Since 2018, the ATO has permitted the carry-forward of the unutilised portion of the super contribution cap of $27,500 to the following financial year. As a business owner who may have overlooked super contributions in the past 2-3 years, you might have a significant cap remaining. If you’ve had a profitable year, you can utilise this opportunity by contributing a larger sum of money to your super fund just before the end of the financial year and claim it as a tax reduction, thereby maximising your tax savings.

EV and FBT Exemption 

There are now options for tax strategies for EV buyers. With the government promoting the adoption of electric vehicles, your business can benefit by availing of the FBT Exemption for electric cars. If you purchase an electric vehicle before the end of this financial year, you can claim it as a tax reduction for your business. 

Suppose your logbook shows 50% business and 50% private use; in this case, you can only claim 50% of an ordinary car. However, with electric vehicles, you can claim 100% of the cost, irrespective of the percentage split. This benefit can be especially advantageous for professionals who have minimal business-related travel and usually can only claim a smaller percentage with ordinary cars.

Comparing the cost to the business against the standard FBT statutory method treatment

Tax Planning 2023

Small Business Investment Technology Boost

Claim extra 20% on expenses that support digital operations and digitising operations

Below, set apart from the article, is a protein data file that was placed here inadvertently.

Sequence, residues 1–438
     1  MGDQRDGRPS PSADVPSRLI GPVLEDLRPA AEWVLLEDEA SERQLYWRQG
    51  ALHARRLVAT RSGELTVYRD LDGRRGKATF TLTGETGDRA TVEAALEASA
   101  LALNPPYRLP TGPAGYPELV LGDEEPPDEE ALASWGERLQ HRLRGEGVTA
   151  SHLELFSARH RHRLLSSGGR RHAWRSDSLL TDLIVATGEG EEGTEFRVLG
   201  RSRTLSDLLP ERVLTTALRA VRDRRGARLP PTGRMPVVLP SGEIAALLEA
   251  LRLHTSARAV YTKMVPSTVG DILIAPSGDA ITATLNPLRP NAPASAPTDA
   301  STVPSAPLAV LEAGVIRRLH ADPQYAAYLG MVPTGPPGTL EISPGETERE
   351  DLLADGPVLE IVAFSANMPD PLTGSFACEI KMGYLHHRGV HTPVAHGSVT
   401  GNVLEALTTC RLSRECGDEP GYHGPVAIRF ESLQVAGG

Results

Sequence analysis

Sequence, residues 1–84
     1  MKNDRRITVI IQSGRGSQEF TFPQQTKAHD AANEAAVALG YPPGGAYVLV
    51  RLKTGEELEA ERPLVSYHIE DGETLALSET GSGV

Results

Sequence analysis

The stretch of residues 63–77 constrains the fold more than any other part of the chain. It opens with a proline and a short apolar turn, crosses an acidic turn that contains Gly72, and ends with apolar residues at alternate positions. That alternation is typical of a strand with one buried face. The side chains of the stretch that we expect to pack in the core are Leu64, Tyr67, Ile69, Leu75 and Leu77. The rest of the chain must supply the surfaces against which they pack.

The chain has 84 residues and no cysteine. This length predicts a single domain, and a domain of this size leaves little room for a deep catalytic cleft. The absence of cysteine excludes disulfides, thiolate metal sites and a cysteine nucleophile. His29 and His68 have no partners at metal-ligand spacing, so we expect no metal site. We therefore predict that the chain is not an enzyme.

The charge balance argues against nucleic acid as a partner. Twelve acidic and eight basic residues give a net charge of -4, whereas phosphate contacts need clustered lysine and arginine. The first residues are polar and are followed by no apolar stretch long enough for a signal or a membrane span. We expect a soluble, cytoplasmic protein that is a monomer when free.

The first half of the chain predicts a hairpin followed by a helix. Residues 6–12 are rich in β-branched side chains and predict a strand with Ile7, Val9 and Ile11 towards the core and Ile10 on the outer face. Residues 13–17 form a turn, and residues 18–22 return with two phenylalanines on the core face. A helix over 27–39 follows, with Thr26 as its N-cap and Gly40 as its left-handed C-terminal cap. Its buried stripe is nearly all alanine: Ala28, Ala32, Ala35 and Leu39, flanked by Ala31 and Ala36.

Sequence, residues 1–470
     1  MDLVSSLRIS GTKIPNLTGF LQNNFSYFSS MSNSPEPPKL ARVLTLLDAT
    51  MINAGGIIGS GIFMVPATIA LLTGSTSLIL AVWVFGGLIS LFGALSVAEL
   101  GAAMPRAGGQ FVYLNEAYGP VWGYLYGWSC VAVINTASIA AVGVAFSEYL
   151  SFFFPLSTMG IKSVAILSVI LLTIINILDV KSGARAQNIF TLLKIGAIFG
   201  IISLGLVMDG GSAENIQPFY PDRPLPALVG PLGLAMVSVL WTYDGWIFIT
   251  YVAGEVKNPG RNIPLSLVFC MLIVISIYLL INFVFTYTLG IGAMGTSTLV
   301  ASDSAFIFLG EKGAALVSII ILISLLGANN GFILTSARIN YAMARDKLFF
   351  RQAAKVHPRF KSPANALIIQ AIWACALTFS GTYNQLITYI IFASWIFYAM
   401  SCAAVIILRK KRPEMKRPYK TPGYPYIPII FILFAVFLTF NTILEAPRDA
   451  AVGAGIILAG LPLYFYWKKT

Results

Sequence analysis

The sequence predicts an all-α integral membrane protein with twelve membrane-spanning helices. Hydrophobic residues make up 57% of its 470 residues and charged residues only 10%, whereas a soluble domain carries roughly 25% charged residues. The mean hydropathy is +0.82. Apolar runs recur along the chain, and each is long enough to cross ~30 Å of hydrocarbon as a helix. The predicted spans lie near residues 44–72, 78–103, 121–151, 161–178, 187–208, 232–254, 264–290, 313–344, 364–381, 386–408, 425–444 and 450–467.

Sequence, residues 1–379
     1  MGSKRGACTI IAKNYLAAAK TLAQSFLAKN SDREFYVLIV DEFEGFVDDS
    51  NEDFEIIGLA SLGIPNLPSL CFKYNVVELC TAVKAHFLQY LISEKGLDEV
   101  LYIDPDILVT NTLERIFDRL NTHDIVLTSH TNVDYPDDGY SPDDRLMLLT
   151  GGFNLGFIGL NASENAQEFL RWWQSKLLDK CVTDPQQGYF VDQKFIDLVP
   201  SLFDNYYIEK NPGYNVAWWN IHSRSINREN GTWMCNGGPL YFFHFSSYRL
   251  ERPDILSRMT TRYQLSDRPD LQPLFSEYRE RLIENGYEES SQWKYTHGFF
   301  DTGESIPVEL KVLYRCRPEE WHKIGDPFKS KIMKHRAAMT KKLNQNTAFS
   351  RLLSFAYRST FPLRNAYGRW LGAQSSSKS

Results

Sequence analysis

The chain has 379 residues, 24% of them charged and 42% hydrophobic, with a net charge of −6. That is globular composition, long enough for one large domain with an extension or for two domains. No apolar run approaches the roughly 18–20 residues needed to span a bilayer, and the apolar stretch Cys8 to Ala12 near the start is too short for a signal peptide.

1. Digital Enabling Items
    Eg: cost to set up a digital payment system, any subscriptions that help digitisation etc
  2. Digital Media and Marketing
    Audio and Visual content that can be created, accessed, stored or viewed on digital devices
  3. E-commerce
    Supporting digitally ordered or platform-enabled online transactions.

There are different categories to consider.

The concept here is that you can claim an additional 20% as a tax deduction.

For example, if you have spent $100,000 (which is currently the limit), you will be able to claim a deduction of $120,000.

* This measure will apply to expenditures incurred in the period commencing from 7:30 pm AEDT 29 March 2022 until 30 June 2024. Please note: These measures are not yet law.

Small Business Skills and Training Boost

Claim an additional 20% of expenditure that is incurred for the provision of external training courses to their employees.


  • Small Business
  • Employee is in Australia
  • Course is provided by a registered provider in Australia

Make sure that not only does your entity qualify but also that the money you’re spending it on.

Suppose your bookkeeping has been done for this financial year, and you’ve reconciled the training. In that case, you should talk with your accountant to ensure they have been accurately recorded and accounted for.